Tikki Tikki Tembo and more stories to celebrate Asian heritage is one of the many DVDs in the Scholastic Storybook Treasures series.
My husband happened to be home sick on the day when I first opened this DVD, so the family snuggled up on the couch and watched it together. My husband announced his intentions to just lay down on the couch and sleep. Half through the DVD, still awake, he pipes up, “This is actually pretty good!” and it was. This has been my favourite of the handful of Scholastic Storybook Treasure DVDs that we have watched.
The majority of the stories on this disc have more of a folk or fairytale flavour to them that I really enjoyed.
The title story TIKKI TIKKI TEMBO (Written by Arlene Mosel, illustrated by Blair Lent) is a cute Chinese folktale that explains the danger in giving children terribly long names. According to the story, in ancient China it was customary for parents to honour their firstborn sons with long, elaborate names, while later sons were usually given short, unimportant names. G-Girl wanders around the house chanting the name of the main character Tikki Tikki Tembo-No Sa Rembo-Chari Bari Ruchi-Pip Peri Pembo, which is sort of fun to say. Go ahead, try it.
|When Tikki Tikki Tembo-No Sa Rembo-Chari Bari Ruchi-Pip Peri Pembo falls down the|
well is takes so long for his younger brother Cheng to say his name that he almost drowns.
In THE TALE OF THE MANDARIN DUCKS (Written by Katherine Paterson, illustrated by Leo & Diane Dillon, narrated by B. D. Wong) when a cruel emperor separates a mated pair a serving maid and her samurai lover take compassion upon the poor captured duck who is pining to death, and set it free, thus endangering their own lives. I enjoyed seeing this beautiful tale of love and fidelity by Katherine Paterson, the author behind one of my favourite children’s novels Bridge to Terabithia.
|“The funny thing is,|
the moment I am in one country,
I am homesick for the other.”
GRANDFATHER’S JOURNEY (Written and illustrated by Allen Say, narrated by B. D. Wong) is the story of a man who immigrated to the US, then returned to his home in Japan, married and moved back to the States, only to return again to Japan. Whenever he was in one home, he longed for the other, as his heart truly belonged in both places. I am such a sad sop. I spent the majority of the time when this story was on trying to hide the fact that I was crying.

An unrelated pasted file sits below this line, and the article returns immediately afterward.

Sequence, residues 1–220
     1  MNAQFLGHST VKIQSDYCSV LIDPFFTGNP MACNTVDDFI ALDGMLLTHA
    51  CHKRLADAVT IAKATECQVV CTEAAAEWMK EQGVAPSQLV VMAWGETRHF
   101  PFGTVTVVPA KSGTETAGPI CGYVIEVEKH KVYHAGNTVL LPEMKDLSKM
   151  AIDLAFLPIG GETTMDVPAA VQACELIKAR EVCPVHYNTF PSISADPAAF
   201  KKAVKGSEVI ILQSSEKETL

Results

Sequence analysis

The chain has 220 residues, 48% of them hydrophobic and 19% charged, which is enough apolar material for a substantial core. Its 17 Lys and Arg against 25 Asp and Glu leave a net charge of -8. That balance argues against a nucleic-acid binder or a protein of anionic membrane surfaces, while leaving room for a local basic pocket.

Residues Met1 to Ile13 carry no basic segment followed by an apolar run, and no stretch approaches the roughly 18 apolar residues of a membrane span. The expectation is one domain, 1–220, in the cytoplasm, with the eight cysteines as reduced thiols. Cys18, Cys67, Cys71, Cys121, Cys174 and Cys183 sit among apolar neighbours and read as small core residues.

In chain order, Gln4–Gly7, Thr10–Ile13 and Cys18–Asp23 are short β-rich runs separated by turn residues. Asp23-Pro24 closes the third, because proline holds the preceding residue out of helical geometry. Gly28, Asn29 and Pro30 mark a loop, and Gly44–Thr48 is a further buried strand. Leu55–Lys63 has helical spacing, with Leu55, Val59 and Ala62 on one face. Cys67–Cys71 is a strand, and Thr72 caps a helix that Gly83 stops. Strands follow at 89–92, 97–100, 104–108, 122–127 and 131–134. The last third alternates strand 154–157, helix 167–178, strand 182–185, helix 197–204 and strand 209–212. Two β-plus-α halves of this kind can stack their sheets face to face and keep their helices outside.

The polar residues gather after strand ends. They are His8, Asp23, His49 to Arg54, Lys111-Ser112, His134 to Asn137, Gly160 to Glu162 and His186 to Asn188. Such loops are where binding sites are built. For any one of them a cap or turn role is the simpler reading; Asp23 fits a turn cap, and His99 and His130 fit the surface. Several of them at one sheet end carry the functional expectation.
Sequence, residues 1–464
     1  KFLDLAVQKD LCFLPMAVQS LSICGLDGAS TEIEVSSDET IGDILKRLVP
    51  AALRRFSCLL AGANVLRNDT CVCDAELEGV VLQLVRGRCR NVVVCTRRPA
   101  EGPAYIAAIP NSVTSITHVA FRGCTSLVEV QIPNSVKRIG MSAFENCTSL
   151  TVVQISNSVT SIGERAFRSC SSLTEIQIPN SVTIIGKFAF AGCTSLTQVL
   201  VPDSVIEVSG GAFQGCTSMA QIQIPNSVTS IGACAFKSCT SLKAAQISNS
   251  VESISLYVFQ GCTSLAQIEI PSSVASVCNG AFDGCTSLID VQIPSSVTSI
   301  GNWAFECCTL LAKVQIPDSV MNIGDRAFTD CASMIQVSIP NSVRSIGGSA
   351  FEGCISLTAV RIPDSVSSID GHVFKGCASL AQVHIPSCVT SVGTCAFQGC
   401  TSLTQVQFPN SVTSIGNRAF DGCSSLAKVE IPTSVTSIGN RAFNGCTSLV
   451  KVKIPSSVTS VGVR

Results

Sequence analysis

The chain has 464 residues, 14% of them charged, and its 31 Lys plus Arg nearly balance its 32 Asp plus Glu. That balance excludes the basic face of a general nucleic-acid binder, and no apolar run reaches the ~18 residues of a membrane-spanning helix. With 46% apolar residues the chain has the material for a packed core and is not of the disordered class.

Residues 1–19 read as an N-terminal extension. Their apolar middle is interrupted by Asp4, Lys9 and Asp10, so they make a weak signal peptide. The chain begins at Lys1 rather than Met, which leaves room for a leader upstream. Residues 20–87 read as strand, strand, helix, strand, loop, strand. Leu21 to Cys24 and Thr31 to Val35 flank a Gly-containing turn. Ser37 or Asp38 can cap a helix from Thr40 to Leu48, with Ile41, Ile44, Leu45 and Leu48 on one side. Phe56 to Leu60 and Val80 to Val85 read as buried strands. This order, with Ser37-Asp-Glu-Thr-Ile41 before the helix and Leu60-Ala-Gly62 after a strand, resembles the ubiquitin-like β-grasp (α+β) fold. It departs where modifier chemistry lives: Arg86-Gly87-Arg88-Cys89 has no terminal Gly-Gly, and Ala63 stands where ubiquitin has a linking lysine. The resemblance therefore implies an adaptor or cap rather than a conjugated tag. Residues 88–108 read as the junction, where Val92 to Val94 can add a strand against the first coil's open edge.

THE STONECUTTER (Written and illustrated by Gerald McDermott) has a unique sort of abstract visual style, which works well for this Japanese folk tale of a lowly stonecutter who foolishly longs for more power.
I love how brave and clever the children are in LON PO PO: A RED-RIDING HOOD STORY FROM CHINA (Written and illustrated by Ed Young, narrated by B. D. Wong) This Asian version of the classic fairytale shows how three little sisters outwit the wolf who is trying to pose as their grandmama. This story was a bit scary for Rainbow the first time we watched it, but she warmed up to the tale pretty quickly.
SAM AND THE LUCKY MONEY (Written by Karen Chinn, illustrated by Cornelius Van Wright and Ying-Hwa Hu, narrated by Ming-Na Wen) is a story about the Chinese tradition of spending “lucky money” on the Chinese New Year. The story delves a bit into the customs surrounding Chinese New Year, and has a sweet moral of generosity and giving. Rainbow particularly liked this story, having seen mentions of the Chinese New Year previously during episodes of Sagwa The Chinese Siamese Cat.
The suggested age range on this video is 4 to 10, which I think is pretty accurate. At 4 years old, Rainbow enjoys this video immensely. Her father and I also enjoyed watching it, and I could definitely see older kids appreciating this one as well. As with all of the Scholastic Storybook Treasures DVDs that I have had the pleasure to watch; the animation, the narration, the background music and sound effects were all top notch.
You can purchase Tikki Tikki Tembo and more stories to celebrate Asian heritage in Canada via Amazon.ca.